# Best practice for control flow charts

I wanted to plot a flow chart graph which looks similar to this diagram:

that comes from this source.

1. Which package would be best for that?
2. I don't want to use pstricks
-

An example with pgf/tikZ just for your inspiration.

\documentclass{minimal}
\usepackage{tikz}
\usetikzlibrary{positioning,shapes.geometric}

\begin{document}
\begin{tikzpicture}[%
->,
shorten >=2pt,
>=stealth,
node distance=1cm,
noname/.style={%
ellipse,
minimum width=5em,
minimum height=3em,
draw
}
]
\node[noname] (1)                                             {1};
\node[noname] (2) [below=of 1]                                {2};
\node[noname] (4) [node distance=1cm and 3mm,below left=of 2] {4};
\node[noname] (3) [left=of 4]                                 {3};
\node[noname] (5) [below=of 4]                                {5};
\node[noname] (6) [node distance=2cm,right=of 5]              {6};

\path (1) edge                   node {} (2)
(2) edge                   node {} (3)
(2) edge                   node {} (4)
(2) edge                   node {} (6)
(3) edge                   node {} (5)
(4) edge                   node {} (5)
(5) edge [bend right=20pt] node {} (2);
\end{tikzpicture}
\end{document}


More examples in the according tikZ Example Gallery.

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Thanks, this is exactly what I was searching for! –  beyeran Jan 16 '11 at 12:33
The empty nodes on edges are useless. Why? –  Leo Liu Jan 16 '11 at 12:46
@Leo: I added them just for the case that the connections need some labels later. But you are right. For simple connections they can be dropped. –  Thorsten Donig Jan 16 '11 at 12:50
Is there a way to make the circles to ellipsis? –  beyeran Jan 16 '11 at 16:57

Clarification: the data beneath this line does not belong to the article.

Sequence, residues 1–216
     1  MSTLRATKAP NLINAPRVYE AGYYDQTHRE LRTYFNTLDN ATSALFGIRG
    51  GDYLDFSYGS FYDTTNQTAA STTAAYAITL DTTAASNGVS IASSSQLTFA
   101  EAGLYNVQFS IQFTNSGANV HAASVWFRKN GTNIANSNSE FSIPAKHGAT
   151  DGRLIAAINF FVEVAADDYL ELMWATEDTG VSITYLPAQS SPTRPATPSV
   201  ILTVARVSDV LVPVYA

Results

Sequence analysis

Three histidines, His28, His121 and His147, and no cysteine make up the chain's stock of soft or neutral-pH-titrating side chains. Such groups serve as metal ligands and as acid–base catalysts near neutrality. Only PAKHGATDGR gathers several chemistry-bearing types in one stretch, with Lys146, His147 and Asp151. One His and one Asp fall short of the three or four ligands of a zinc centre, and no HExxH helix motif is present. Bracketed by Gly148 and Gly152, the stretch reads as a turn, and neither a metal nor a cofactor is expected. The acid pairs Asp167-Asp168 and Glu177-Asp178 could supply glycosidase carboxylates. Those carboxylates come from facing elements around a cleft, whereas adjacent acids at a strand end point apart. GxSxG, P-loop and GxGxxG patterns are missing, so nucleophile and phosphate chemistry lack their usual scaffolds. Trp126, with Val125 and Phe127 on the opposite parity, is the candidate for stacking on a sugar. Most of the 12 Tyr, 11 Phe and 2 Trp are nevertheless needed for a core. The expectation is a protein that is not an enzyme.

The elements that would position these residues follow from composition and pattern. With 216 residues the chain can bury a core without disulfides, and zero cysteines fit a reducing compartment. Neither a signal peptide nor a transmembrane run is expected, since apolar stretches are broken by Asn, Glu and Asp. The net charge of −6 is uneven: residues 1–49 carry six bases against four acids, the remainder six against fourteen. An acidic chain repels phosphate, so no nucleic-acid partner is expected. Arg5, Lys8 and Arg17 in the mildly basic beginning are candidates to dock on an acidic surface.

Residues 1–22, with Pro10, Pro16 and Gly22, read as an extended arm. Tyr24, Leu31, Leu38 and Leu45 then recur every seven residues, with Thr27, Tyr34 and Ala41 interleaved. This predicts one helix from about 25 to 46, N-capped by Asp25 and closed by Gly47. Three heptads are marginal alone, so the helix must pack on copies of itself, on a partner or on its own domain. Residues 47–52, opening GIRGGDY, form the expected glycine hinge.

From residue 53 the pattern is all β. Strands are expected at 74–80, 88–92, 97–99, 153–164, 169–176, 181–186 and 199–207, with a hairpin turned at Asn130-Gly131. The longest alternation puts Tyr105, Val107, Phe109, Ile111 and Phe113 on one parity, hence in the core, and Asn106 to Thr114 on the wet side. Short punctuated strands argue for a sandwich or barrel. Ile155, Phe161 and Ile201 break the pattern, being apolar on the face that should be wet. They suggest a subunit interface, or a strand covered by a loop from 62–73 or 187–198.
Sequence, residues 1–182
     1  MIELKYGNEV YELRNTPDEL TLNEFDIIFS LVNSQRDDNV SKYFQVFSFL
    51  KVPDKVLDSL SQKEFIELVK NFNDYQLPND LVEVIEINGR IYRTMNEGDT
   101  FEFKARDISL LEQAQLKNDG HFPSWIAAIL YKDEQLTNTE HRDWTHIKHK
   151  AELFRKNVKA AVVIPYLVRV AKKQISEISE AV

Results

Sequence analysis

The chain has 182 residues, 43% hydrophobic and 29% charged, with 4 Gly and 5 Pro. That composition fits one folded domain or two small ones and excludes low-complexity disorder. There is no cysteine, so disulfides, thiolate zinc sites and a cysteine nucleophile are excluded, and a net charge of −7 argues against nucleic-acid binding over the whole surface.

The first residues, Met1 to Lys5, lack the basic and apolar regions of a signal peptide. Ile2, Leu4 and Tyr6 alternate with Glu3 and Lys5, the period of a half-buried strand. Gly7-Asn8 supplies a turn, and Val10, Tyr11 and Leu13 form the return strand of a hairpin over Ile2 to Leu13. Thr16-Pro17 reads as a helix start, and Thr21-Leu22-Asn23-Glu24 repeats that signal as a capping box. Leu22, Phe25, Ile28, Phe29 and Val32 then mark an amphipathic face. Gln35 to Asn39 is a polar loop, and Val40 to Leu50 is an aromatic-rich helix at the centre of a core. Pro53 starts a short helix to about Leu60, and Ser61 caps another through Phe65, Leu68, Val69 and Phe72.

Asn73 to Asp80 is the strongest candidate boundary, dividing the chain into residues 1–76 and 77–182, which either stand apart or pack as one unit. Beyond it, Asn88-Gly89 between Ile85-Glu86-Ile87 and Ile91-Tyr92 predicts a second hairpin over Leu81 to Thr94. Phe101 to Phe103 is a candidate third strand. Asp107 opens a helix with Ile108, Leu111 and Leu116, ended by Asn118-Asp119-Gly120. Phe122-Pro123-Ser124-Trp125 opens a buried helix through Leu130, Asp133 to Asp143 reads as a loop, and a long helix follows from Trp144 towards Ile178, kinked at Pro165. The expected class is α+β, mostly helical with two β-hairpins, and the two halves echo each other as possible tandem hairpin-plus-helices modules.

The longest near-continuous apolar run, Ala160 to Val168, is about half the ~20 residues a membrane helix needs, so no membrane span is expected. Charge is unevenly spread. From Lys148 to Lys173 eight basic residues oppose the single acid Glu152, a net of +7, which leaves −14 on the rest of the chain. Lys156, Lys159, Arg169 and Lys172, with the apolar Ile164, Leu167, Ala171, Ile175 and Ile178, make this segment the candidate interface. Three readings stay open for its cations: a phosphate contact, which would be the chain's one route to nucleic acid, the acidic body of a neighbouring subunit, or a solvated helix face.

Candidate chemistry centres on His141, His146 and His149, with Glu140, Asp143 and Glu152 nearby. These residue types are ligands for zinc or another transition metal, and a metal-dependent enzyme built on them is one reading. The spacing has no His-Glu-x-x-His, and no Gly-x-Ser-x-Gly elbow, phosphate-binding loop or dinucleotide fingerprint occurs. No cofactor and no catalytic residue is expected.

See my edits above. –  Thorsten Donig Jan 16 '11 at 19:15

This doesn't need TeX. You can just use graphviz to draw such graph. Of course, many LaTeX packages like pstricks and tikz can draw these graph, but I think graphviz is still easier to use.

It seems an example copied from main page of graphviz will be useful. With graphviz we don't have to tell computer where the nodes are, only edges are needed.

digraph finite_state_machine {
rankdir=LR;
size="8,5"
node [shape = doublecircle]; LR_0 LR_3 LR_4 LR_8;
node [shape = circle];
LR_0 -> LR_2 [ label = "SS(B)" ];
LR_0 -> LR_1 [ label = "SS(S)" ];
LR_1 -> LR_3 [ label = "S(\$end)" ];
LR_2 -> LR_6 [ label = "SS(b)" ];
LR_2 -> LR_5 [ label = "SS(a)" ];
LR_2 -> LR_4 [ label = "S(A)" ];
LR_5 -> LR_7 [ label = "S(b)" ];
LR_5 -> LR_5 [ label = "S(a)" ];
LR_6 -> LR_6 [ label = "S(b)" ];
LR_6 -> LR_5 [ label = "S(a)" ];
LR_7 -> LR_8 [ label = "S(b)" ];
LR_7 -> LR_5 [ label = "S(a)" ];
LR_8 -> LR_6 [ label = "S(b)" ];
LR_8 -> LR_5 [ label = "S(a)" ];
}


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Could you provide a complete example to make others comprehend how to include that in a LaTeX document? –  Thorsten Donig Jan 16 '11 at 13:04
graphviz is not a part of TeX. Just use \includegraphics to import the graph. –  Leo Liu Jan 16 '11 at 15:19
Thanks. In the meantime I discovered the graphvizzz package. –  Thorsten Donig Jan 17 '11 at 10:15
@Thorsten I have never use it but it should be useful. This dot2tex can convert xdot output from Graphviz to a series of PSTricks or PGF/TikZ commands –  S. Boonto Feb 26 '11 at 16:26

If you want to draw graph (graph theory) diagram, then PSTricks can do this easily.

See this tutorial.

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I think answers on this site should be self-contained. Please add an example from the tutorial. –  Seamus Dec 17 '11 at 14:10
Great reference ! Thanks :D. –  Grzegorz Wierzowiecki Jan 6 '12 at 13:58